Image: Former Enron chairman Kenneth Lay leaves the Bob Casey U.S. Courthouse with wife, Linda
Dave Einsel  /  Getty Images
Enron chairman Kenneth Lay and wife Linda leave court in April of 2006. Linda Lay is contending because her husband’s convictions were vacated, the government has no lawful claim on his estate.
updated 12/2/2007 3:15:08 PM ET 2007-12-02T20:15:08

The widow of Enron Corp. founder Kenneth Lay says her husband didn’t commit any crimes, according to court documents filed Friday in the ongoing effort by the federal government to seize nearly $13 million in assets from his estate.

Linda Lay’s claims were in response to an October 2006 civil action filed by federal prosecutors after her husband’s convictions for his role in Enron’s collapse were vacated following his death last year.

The civil action was the only way federal authorities could try to seize $12.7 million in assets they claim were “proceeds of the fraud proven in the criminal case against Lay.”

Kenneth Lay had been convicted in May 2006 of 10 counts of fraud, conspiracy and lying to banks in two separate cases. But his convictions were vacated because of his July 2006 death from heart disease.

Prosecutors are looking to take three things: $2.5 million of the value of the couple’s condominium in one of Houston’s most exclusive high-rises; $10.2 million from a partnership named for both the Lays; and nearly $23,000 in a bank account.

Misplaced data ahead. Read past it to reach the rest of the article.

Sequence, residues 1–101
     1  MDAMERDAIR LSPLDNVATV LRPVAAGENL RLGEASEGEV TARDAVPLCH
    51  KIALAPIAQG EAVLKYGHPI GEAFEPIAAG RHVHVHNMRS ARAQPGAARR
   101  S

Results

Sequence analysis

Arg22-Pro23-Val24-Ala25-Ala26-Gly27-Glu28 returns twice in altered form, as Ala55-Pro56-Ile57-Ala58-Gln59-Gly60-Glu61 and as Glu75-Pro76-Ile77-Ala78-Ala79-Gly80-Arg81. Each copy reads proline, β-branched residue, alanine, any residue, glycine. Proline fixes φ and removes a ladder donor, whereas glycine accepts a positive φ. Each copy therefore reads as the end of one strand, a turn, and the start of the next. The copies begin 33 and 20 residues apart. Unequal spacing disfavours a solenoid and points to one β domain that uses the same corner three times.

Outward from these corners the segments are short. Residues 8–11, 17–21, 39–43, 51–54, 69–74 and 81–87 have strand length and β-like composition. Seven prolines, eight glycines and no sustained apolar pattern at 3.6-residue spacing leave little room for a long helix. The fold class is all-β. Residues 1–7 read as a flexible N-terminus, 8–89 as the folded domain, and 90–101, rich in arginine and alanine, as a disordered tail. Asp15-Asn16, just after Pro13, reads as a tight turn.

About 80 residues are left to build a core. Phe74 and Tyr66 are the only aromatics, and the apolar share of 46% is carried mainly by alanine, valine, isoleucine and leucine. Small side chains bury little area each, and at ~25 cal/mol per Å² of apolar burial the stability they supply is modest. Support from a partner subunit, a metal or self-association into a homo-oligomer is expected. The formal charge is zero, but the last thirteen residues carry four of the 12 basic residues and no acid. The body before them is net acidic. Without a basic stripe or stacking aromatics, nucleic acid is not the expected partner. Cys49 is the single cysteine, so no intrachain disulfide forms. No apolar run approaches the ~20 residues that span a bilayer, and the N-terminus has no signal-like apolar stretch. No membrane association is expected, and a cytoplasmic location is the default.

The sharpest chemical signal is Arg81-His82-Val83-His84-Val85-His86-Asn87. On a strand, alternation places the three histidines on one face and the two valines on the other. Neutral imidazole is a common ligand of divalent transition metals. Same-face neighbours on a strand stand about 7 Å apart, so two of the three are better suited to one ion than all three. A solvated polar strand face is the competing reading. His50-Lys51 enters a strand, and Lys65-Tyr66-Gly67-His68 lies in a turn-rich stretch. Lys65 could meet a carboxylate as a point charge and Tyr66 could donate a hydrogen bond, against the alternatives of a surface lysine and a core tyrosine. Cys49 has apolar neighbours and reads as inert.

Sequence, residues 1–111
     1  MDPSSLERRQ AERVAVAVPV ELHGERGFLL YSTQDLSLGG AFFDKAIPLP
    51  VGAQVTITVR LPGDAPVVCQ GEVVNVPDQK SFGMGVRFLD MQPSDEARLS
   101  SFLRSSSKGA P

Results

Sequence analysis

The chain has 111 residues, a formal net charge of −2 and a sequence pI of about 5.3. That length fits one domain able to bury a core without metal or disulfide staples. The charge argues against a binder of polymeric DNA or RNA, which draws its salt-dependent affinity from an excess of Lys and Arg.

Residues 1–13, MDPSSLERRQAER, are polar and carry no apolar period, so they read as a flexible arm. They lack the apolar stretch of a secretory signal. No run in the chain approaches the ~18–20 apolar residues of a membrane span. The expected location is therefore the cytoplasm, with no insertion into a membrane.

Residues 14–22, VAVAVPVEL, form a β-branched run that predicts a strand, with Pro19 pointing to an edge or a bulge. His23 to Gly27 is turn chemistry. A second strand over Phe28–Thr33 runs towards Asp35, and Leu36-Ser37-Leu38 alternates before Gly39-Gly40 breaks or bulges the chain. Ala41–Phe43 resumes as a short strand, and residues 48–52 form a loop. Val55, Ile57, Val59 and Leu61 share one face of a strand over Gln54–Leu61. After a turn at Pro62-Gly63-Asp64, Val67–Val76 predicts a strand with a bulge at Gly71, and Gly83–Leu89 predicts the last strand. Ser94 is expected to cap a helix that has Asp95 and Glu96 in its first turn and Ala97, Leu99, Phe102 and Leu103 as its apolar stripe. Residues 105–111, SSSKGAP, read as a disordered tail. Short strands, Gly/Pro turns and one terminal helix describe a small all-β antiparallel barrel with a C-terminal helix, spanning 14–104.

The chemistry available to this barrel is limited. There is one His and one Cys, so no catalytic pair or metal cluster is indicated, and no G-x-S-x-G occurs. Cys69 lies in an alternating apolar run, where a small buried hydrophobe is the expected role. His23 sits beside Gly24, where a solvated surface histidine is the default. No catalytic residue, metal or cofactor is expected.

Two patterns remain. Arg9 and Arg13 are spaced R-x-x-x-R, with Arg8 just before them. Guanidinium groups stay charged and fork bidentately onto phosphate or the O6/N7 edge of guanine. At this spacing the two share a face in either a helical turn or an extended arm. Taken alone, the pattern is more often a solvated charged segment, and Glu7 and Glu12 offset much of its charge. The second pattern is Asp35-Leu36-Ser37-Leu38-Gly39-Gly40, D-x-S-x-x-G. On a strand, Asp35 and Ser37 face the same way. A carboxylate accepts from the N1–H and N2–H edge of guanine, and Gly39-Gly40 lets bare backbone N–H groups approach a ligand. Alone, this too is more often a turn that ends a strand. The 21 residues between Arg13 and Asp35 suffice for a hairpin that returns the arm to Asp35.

Linda Lay’s response to the civil action comes after U.S. District Judge Ewing Werlein on Nov. 14 rejected a request from her to halt the government’s bid for the money.

In the response, Linda Lay “denies any criminal activity on the part of Kenneth L. Lay, including his alleged participation in securities, fraud, wire fraud, conspiracy or money laundering.”

She also denied that any of the property or assets officials are trying to seize was involved in money laundering or acquired through criminal conduct.

Jaclyn Lesch, a Justice Department spokeswoman, declined to comment on Linda Lay’s claims.

Both Linda Lay and prosecutors have asked for a jury trial, which has not been scheduled.

Enron, once the nation’s seventh-largest company, crumbled into bankruptcy proceedings in December 2001 when years of accounting tricks could no longer hide billions in debt or make failing ventures appear profitable.

Enron’s collapse wiped out thousands of jobs, more than $60 billion in market value and more than $2 billion in pension plans.

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